We have optimized our human resources internally so that we can develop both S series and G series to the highest standard.

The S1 video spec is good but not up to GH standard. Do you see L-mount making sense for pro/semi-pro video?

First of all, let us confirm the concept of these cameras: the S1R is for the professional photographer while the S1 is for the hybrid stills and video photographer, so the concepts of those models are a little bit different. This might be why the spec is not beyond the GH series.

In the future, we'd like to consider the users' needs: it's open to users' feedback.

Do you feel there's an advantage to Micro Four Thirds, when it comes to video?

There are many categories of video shooters from broadcasting or run-and-gun, through to cinema and creative videography. If we are thinking about broadcasting or run-and-gun videographers, there may be some advantage to the small, compact and lightweight combination. That's the first benefit, compared to the larger sensor system. Image stabilization and overheating will be less of an issue, compared to full-frame sensors.

The degree of [creative] freedom broadens if you use a larger sensor, so maybe the cinema type of videographer would prefer the larger sensor, such as full frame. Maybe for cinema it's better to take full frame.

Was EVA-1 level videography considered when developing the L system and its lenses?

Of course we have been discussing with professional camcorder team as a fundamental part of the engineering, but we haven't discussed deeply how we might create such models. We're not discussing which mount would be used for the coming product.

Of course we don't disclose any further product information. At this point we don't have any future information we can disclose.

Panasonic talks about the 'cameraness' of the S1: the degree to which it feels like a camera

You're arriving in a very crowded sector of the market. What is it you think Panasonic can uniquely bring?

Firstly, cameraness: the interface, in terms of both hardware and software [making the device feel like a camera]. If you look at competitor models, they're very innovative cameras but they're having some negative comments in the market that the grips are smaller than expected or that the interface is [too] cutting-edge, leaving people confused when they first try to use them. We listened to a lot of customers' feedback to create the S-series, so we designed the position of buttons, shape of buttons and also the menu settings accordingly. We're proud of this cameraness and the interface, first of all.

In terms of features, we have the high resolution mode, which is number one in the market and Dual IS that gives up to six stops of stabilization. 4K/60p is a feature only we have in the full frame market and the electronic viewfinder is really high resolution: that too is number one in the market. This isn't everything, of course, but we can offer all those functions and features, to even professional users so that they can easily come to our system and start using them for their professional work.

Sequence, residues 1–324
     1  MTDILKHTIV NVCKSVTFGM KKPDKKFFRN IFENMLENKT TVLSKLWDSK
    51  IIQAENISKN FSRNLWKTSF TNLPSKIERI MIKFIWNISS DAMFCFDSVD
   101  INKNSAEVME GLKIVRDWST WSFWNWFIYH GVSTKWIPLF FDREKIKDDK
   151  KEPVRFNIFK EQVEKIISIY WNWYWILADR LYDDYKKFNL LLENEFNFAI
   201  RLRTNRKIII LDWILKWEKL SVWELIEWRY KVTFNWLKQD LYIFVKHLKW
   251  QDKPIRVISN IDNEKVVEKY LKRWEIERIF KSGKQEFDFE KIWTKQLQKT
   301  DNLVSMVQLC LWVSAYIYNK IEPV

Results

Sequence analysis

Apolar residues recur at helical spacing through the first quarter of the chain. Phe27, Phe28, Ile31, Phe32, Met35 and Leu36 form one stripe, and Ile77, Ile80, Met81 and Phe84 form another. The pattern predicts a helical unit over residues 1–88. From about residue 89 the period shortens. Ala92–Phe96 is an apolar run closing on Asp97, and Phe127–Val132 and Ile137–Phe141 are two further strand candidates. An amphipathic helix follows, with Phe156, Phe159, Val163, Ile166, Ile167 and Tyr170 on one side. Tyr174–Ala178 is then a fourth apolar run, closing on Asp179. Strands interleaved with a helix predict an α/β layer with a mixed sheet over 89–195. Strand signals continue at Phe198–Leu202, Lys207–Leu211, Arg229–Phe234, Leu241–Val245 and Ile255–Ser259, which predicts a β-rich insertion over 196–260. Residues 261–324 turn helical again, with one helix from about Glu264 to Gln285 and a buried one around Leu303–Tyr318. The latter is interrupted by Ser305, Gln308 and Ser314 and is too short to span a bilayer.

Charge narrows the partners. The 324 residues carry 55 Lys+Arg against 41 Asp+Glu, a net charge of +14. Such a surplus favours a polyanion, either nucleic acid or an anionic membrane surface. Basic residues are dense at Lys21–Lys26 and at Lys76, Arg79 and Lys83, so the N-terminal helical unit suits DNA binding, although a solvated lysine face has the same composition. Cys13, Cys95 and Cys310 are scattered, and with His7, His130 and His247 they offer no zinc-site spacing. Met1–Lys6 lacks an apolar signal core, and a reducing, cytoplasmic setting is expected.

Also our HLG Photo mode: this comes from our background in videography and this allows for a new photographic style.

What does HLG mean for stills photography: what happens next? Editing tools for HDR images?

The editing, as you say, and the public awareness are important in the near future. Firstly we'd like everyone to try the HLG HDR photos, where people can have a [means] of expression beyond the standard definition.

In terms of editing, we are co-working with an alliance: we're trying to find a solution to edit HDR images. On the technology side we'd like to be at least one step ahead of our competitors, so we will keep improving the image sensor technology to be capable for the high dynamic range world.

Of course we're one of the few companies that can create HDR TVs as well as cameras, so of course we're working with [our] TV business group. That way you're not only shooting but can also display and view HDR images in the best possible environment.

For the HDR Photo style we're working to have a wider [DR] option so that you can be really creative when shooting HLG photos.

Editor's note

This meeting was a mixture of briefing and interview, which is why some of the answers are quite long and detailed. The upshot of this is, perhaps, that you don't have to read quite so closely between the lines to see the message Panasonic wants to send. My own interpretation of it would be 'we're not just an electronics company: we care about even the most subtle aspects of image quality.' Or maybe that's just my response to hearing the word 'cameraness' again.

The thing I haven't been able to capture in the text is the slide Panasonic showed me about the autofocus hit-rate they measured when shooting their cameras side-by-side with phase-detection-based rivals. The testing protocol wasn't fully disclosed, but it showed their products delivering a hit-rate comparable to some pretty good cameras, and even out-performing phase-detection systems when the subject gets close to the camera.

My own interpretation of it would be 'we're not just an electronics company: we care about even the most subtle aspects of image quality.'

This is something we'll be looking at as we test the S1 and S1R, because the general perception of DFD is that it's flat-out inferior to phase-detection. This isn't helped by the visually disturbing 'flutter' as the cameras try to maintain focus on moving objects (an effect made more dramatic by the high res viewfinders and shallow depth-of-field of the lenses on the S cameras).

Overall, though, it's clear that Panasonic wants its S1 and S1R to appeal specifically to professional stills photographers. When it comes to video, the company's plans seem less well-developed. For now, at least, it seems that Panasonic sees the GH series as its main video/stills camera platform.